Kuala Lumpur: The Allure of Not Knowing

photo by Mohd kamarulzaman taib 

photo by Mohd kamarulzaman taib 

by Andy Teirstein

If, as Carl Jung suggested, there is a collective unconscious shared among our species, then the yearning for travel to foreign countries leads us in the direction of self-revelation, a way of unveiling aspects of the collective landscape that are, deliciously, still unexplored. What is mysterious is also seductive. And since mystery involves the as-yet-unknown, it follows that a gap in knowledge is an essential ingredient in wanderlust. We carry our ignorance with us when we travel, because we wouldn't leave home without it. And how deep and variegated it can be, this essential not-knowing that we bring.

When I first arrived in Kuala Lumpur, Malaysia, I saw everything through a veil woven from the romantic sea tales of Melville and Conrad, the exotic jungle island paintings of Rousseau, and a noxious, scalding fog of phobias (xeno and Islamo). Seeing women in hijab head-coverings sitting at a restaurant table on the street, bringing food to their lips with their hands, I wanted to draw my phone from my pocket to take a picture. If we could map our own ignorance, with its endless teasing alleyways, where would we begin?

I had been invited to Malaysia by the new creative team “Asia Duo,” to teach a ten-day workshop on music composition at the Aswara Academy of Music and Dance. I arrived with a plan for each day, broken into morning and afternoon sessions, which I described to one of my hosts, Cekem, over a rice and vegetable dinner. With a kind and solicitous smile, he expressed his hope that the language barrier would not be a problem. On the first morning I discovered that the participants were mostly faculty at the school, including a music composition teacher, Isabella Pek, who offered to help translate. I went around the room by way of introduction, and to assess the musical caliber of the class. There were practitioners of different genres of the Malaysian performing arts spectrum, most of whom could not read music—experts in shadow puppetry, folk theater, and gamelan. A couple of them danced as well.  They also represented a variety of Malaysia’s many ethnic traditions.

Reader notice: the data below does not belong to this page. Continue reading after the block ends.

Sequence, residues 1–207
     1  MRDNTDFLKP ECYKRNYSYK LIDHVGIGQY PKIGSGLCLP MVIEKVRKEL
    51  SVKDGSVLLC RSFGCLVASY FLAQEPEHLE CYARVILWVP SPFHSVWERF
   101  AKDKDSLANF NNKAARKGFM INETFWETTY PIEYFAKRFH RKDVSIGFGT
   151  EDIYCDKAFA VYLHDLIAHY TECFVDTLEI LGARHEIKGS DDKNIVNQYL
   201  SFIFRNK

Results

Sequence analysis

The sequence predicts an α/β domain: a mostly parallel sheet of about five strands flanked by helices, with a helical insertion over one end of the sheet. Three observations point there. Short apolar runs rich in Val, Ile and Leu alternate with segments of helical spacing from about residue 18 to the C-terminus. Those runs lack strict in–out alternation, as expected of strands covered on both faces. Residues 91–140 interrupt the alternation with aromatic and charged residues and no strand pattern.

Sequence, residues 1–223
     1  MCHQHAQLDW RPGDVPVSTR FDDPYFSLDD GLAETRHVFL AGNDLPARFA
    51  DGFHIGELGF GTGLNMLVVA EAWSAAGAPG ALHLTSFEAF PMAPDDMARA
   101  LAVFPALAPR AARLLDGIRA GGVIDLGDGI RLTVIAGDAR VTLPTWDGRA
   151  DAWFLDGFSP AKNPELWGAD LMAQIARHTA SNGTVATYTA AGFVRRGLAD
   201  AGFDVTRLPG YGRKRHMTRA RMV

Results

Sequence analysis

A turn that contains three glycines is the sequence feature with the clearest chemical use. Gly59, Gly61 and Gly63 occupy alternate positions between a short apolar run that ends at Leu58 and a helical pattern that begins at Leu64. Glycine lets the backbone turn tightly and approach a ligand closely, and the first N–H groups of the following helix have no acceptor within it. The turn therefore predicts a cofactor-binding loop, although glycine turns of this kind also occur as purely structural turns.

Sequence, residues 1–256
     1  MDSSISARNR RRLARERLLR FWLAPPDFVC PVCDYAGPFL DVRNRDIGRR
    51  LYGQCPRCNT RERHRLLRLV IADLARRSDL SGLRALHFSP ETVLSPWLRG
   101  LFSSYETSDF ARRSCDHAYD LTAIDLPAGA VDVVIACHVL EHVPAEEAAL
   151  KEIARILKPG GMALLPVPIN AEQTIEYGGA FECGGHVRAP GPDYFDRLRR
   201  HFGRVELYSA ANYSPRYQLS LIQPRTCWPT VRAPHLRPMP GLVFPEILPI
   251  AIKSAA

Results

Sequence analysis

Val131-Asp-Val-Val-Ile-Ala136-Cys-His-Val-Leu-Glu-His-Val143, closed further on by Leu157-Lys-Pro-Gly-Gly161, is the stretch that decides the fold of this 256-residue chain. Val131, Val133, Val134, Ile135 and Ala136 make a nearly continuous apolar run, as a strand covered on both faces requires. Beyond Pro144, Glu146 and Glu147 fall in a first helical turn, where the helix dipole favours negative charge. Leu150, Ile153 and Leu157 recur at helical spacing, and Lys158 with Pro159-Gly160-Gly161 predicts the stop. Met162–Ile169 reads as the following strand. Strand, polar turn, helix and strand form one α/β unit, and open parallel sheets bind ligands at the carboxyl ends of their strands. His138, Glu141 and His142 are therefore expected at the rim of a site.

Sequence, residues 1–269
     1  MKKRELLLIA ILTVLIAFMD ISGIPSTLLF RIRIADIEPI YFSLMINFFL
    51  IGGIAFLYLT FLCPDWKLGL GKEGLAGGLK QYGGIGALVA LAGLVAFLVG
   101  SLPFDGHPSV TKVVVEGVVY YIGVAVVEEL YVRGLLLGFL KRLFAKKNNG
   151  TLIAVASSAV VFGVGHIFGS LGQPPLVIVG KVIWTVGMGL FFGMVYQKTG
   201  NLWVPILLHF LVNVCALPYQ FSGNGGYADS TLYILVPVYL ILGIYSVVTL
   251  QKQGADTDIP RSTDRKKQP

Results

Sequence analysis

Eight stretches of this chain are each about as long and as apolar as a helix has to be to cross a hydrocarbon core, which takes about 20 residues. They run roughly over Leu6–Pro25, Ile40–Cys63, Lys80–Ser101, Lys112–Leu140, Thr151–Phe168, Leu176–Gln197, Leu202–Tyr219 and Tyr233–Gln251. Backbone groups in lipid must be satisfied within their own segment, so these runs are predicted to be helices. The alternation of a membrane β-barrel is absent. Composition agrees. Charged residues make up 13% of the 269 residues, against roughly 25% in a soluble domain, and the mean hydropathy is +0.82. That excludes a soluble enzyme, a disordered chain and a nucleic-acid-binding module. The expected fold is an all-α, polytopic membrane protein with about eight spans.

I tried to orient myself in this landscape marked by cultural compass points. Even though my own music is informed by experience in traditional folk and popular realms, I found myself choosing to identify with European practice, and launched into an overview of the rudiments of Western music. It was like slipping into a comfortable shirt, my new role as the representative of the developed nations, emissary of the New World, as easy as pouring ketchup. I drew a music staff on the board; spoke of duple and triple, piano and forte, the power of tempo change, vertical and horizontal sound. I smiled and they smiled back.